The number of marketers suspending advertising on Google is growing beyond the U.K. to the U.S., Australia and other parts of the world. Advertisers are concerned their ads are showing up next to offensive content on the media and technology giant’s network.
To date, Google has said it is addressing the issues with technology and applying human resources to vet content.
Research analyst Brian Wieser of Pivotal Research Group on Monday continued with his “Hold” rating for Alphabet, Google’s parent company.
Wieser’s latest analysis indicates that Google’s efforts to get a handle on the problem of so-called “brand safety” have had mixed effects. On Friday, Coca-Cola, PepsiCo, Wal-Mart, DISH, Starbucks, and General Motors joined the list of advertisers in the U.S. that have pulled all non-search ads from Google.
Wieser’s research note said over the weekend, newspapers in Australia report that global brands Vodafone, Nestle, and Kia and local brands Holden, Bunnings, and JB Hi- Fi have jumped on the bandwagon, curtailing ad spending on Google.
“That advertisements can evidently be found so easily alongside brand-unsafe content -- now that press and others are actively looking -- suggests either Google’s technologies for filtering brand unsafe content are simply not good enough or its process for vetting content suppliers is insufficient or both,” Wieser wrote.
The problem surfaced in the U.K. in February after a Times of London report. Wieser said that Google has had some time to address the issue.
Wieser questioned why Google hasn’t taken control of the situation. “Why Google does not yet appear to have a handle on the situation is worth assessing. Their public statements do not suggest to us that the company appreciates the degree to which advertisers are concerned, and the ongoing announcements of advertisers suspending their activity on Google properties reinforces our view.”
He went on to suggest that it’s possible Google has downplayed the issue “because it thinks concerns articulated by press, advertisers, and agencies are simply part of an effort to hurt Google rather than something more fundamental.”
It would appear that advertisers have the upper hand here, as well as organizations that represent them, like the Association of National Advertisers, which has been making noise about these and other issues including measurement/metrics, data privacy, and transparency, for some time.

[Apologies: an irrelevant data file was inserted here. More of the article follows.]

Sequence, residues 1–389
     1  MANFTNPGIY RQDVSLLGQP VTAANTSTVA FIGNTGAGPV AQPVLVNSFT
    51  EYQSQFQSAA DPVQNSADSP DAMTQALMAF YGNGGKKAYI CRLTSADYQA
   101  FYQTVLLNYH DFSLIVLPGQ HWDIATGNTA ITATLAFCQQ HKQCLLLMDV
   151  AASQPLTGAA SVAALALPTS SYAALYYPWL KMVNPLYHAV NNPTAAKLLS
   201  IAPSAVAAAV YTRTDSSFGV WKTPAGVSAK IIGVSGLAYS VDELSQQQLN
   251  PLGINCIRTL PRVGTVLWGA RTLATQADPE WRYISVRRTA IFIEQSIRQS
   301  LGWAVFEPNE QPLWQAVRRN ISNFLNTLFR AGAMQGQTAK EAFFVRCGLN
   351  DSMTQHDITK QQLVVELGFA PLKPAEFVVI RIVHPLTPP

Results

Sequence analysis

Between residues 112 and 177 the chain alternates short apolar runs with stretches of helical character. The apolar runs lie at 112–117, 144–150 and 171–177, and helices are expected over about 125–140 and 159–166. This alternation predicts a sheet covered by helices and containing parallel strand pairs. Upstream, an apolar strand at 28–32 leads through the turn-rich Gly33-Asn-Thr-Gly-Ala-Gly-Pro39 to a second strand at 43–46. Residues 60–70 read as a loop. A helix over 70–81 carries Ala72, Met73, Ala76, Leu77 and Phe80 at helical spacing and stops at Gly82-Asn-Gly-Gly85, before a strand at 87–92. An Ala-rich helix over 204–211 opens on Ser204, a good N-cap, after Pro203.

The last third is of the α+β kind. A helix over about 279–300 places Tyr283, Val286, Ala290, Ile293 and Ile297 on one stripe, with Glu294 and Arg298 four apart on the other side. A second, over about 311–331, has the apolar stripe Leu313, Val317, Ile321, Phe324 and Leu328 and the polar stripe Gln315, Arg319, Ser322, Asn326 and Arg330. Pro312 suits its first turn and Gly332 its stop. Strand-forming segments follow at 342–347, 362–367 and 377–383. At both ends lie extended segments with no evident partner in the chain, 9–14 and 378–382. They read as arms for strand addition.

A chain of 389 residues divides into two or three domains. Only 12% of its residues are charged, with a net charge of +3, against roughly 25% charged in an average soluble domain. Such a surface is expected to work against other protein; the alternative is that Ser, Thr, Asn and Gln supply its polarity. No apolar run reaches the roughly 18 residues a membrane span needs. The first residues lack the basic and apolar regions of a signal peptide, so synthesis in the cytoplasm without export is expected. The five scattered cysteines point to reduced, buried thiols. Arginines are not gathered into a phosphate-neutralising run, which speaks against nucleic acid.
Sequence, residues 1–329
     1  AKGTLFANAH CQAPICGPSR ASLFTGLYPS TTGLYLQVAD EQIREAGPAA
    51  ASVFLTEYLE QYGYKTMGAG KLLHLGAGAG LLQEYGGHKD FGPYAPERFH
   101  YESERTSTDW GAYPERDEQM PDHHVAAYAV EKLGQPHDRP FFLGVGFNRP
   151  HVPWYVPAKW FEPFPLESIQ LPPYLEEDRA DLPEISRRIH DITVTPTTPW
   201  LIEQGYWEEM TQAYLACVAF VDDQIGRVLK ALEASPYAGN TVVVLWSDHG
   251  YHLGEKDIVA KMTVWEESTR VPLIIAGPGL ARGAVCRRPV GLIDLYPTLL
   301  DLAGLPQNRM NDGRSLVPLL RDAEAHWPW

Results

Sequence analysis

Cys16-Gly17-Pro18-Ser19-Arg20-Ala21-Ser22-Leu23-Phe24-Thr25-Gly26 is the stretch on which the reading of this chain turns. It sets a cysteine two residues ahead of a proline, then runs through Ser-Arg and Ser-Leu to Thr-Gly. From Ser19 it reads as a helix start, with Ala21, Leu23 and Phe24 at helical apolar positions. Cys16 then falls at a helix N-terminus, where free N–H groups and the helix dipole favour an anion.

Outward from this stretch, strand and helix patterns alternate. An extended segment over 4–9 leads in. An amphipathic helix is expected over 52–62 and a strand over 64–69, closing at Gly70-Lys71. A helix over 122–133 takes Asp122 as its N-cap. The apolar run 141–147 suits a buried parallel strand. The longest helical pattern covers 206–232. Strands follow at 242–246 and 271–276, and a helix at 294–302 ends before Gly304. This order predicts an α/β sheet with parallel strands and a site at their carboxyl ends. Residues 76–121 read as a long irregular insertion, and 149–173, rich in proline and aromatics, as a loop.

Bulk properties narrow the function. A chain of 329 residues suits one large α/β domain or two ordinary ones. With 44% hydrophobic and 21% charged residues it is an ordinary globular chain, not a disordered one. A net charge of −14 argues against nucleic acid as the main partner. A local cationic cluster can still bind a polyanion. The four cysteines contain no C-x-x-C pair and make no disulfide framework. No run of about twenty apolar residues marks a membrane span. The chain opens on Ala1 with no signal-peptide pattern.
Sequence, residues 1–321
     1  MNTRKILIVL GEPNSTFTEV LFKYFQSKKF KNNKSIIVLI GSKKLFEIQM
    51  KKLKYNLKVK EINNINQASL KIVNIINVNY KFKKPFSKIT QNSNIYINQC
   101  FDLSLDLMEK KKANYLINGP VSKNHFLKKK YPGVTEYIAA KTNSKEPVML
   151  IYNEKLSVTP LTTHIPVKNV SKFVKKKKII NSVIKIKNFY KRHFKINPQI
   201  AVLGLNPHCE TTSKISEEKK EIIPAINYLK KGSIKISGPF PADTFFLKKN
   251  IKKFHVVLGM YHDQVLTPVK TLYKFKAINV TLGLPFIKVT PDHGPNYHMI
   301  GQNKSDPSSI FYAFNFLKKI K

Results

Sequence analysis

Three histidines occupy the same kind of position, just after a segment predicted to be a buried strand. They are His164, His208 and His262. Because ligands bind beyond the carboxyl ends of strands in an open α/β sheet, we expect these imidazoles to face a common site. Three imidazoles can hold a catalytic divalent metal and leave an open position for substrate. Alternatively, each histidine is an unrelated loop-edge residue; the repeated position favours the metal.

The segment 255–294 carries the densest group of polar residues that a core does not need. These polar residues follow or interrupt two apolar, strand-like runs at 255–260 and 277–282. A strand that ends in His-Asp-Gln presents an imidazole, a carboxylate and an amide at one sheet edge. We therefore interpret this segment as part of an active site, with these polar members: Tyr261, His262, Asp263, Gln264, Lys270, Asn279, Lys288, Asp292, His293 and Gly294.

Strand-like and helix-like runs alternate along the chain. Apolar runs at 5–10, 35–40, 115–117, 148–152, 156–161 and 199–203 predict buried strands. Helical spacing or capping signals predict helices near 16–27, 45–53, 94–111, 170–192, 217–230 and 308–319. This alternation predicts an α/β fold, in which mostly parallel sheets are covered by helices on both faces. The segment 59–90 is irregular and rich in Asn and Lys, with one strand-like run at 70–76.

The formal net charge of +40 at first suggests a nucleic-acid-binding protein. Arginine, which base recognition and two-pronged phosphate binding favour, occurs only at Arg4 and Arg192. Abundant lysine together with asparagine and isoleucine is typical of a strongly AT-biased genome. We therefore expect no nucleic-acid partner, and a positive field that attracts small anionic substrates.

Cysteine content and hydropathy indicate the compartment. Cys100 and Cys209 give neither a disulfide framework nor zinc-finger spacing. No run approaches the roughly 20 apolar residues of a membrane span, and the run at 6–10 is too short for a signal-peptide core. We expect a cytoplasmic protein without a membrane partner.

Wieser notes “press outlets have been all-too-happy to point out Google’s failings, and actively
look for instances where they can shame advertisers away from Google. But if the underlying problem didn’t exist, Google wouldn’t have had anything to worry about."
Wieser’s note suggests that beyond brand safety, there are major challenges facing Google and others in the space regarding ad-tech vendors, campaign measurement and attribution, viewability and ad fraud.
Wieser estimates a -1% revenue impact on Google this year and next, “assuming the problem is settled soon.” He estimated last week in a research note that brand safety issues would reduce spending by large brands on Google, “primarily because Google’s focus in conversations with brands will probably center around brand safety rather than new strategic initiatives. Google will have a harder time persuading advertisers to shift spending to Google – and YouTube in particular – from TV than might otherwise have been the case.”
So where will advertiser dollars go if they decide to shift some money to other channels?
Speculation is that media dollars could go to TV, though paid search advertising is also the option of choice for small and medium-sized enterprises. TV upfront season is coming--we'll soon find out where the dollars will go.